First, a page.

they are just the tip of a big black iceberg…all that self-hatred, all that homophobia, all that sanctimony and scapegoating…distilled into a a thick tar, frozen and colossal.

    didn’t take long for the woodwork to get crawly…perhaps the initial pack of critics here who denied that such people exist will take a long look at what Mark’s fishing net has caught. plenty more of these creatures in the online sea.

    yet, i suspect some will conveniently conclude that questioning the Rubber Religion is what forced these creatures to expectorate their venom to begin with.

    wrong. this blog has been fine bait for the self-righteous monsters roaming the Prevention landscape, oozing and spitting and biting, swarming around anyone they think they can take down. denying or minimizing their negative impact is a primary weakness of HIV prevention efforts over the last 30 years.

    it’s NOT because “their hearts are in the right place”, sorry!

  59. Blake Says:

    January 30th, 2013 at 1:06 pm

    Interesting article. Very impassioned. What is being overlooked is what happens when people do not have access to the extraordinarily expensive HIV meds that are keep infected people alive.

    This epidemic is still alive and kicking. It is medically controlled. If people lose their insurance and/or public access is denied, it will be the 80s all over again.

    No one is arguing that animal instinct drives us toward bareback sex, but as conscious human beings we can take care of one another by treating and containing HIV and AIDS.

  60. Tyler Says:

    January 30th, 2013 at 1:17 pm

    Interesting phrase you used, “condom fascists”. Maybe I’m remembering my history incorrectly, but the last time the world faced down real fascists, it did so with communists and capitalists who used the evils of fascism to distract from their own purges, mass deaths and festering inequalities. It’d be a shame if in your zeal to fight “fascism” you became equally ruthless, supporting serosegregation and half baked prevention pills that lead to more misery and countless deaths. I’m not going to beat around the bush, that’s the direction I’ve seen you heading for quite some time.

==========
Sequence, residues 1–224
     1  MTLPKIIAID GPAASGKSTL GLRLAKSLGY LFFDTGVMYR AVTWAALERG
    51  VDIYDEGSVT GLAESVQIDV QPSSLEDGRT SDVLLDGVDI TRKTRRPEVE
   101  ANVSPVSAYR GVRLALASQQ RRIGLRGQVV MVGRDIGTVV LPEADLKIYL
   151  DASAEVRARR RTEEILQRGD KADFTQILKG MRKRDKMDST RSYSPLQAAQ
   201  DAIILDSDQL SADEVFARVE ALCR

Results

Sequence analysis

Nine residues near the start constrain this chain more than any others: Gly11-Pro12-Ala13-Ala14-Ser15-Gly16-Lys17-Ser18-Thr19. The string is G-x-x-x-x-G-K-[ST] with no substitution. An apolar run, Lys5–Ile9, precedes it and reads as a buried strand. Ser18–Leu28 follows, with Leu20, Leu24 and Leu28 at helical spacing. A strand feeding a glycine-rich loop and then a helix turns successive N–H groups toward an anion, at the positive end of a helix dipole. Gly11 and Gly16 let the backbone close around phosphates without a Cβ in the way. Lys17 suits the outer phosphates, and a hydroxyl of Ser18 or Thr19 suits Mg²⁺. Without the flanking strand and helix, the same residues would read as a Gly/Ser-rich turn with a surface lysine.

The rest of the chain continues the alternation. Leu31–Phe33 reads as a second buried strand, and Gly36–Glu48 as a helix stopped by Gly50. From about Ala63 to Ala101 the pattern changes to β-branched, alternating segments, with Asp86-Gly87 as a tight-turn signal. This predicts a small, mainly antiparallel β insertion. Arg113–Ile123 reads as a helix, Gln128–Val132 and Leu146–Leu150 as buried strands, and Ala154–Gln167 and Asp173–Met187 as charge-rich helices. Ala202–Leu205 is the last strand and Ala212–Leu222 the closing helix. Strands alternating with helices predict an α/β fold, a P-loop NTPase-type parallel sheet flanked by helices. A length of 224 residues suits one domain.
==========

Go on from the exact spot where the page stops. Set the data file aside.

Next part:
61. Chris Says:

    January 30th, 2013 at 1:35 pm

    I don’t get the point of this essay. We’ve all known for decades that a LOT of gay and bi men bareback and that therefore we should talk to people where they’re at and promote harm reduction practices that will actually be put to use.

    Where are these straw men condom fascists? I’m sure they exist somewhere, but they are not the norm. What I experience in my life is the opposite of that — young gay/bi men who don’t think HIV or AIDS is a big deal, and try to coax me out of using condoms. I really think this is a legacy of right-wing attacks on realistic sex education half a generation ago. These young guys literally don’t know anything about HIV or the AIDS crisis.

    And any time we try to balance this ignorance by talking about the harsh realities of long-term HIV, we’re accused of stigmatizing people living with HIV (usually by people who don’t interact with young guys therefore don’t realize that young guys think HIV is way less of a big deal than diabetes). *That’s* what I encounter in my day to day life, not “condom fascists,” whatever that means.

  62. NoShamebutNoSex Says:

    January 30th, 2013 at 1:36 pm

    On criminalizing–

    1) You’re taking me too literally- Criminalizing a sex act is bad – but barebacking and not telling your partner you bareback as you rub semen on his recently shaved face– WHY not just tell him? What is do damned hard about that? That way — both of you know what you are both comfortable with– otherwise IT IS akin to non-consentiual sex.

    2) The logic behind this statement makes no sense–

    “since these laws about disclosure discourage testing, further stigmatize people living with HIV as vectors of disease”

    Knowingly being HIV positive and not disclosing and having unprotected sex is criminal. There is no logic to saying that that is a bad thing or that it is simply immoral and barbaric NOT to disclose your positive status as you come in a guy’s ass– You can call it whatever you want but at the end of the day– it IS criminal to have knowingly engaged in that behavior. IT IS exactly like pouring blood on someone’s open wound.

    The statement that criminalization discourages testing is insulting to us– it infantilizes us as having absolutely NO agency, and being too stupid to be responsible.

    I did not choose for this disease to come in to our lives– but I will choose not to let it into mine.

    And all this business about “Rubber Hitlers”– grow up. What are you 10?

    No one is saying- don’t have sex, don’t eat ass, don’t fist, don’t piss on each other, don’t suck, don’t do all those things–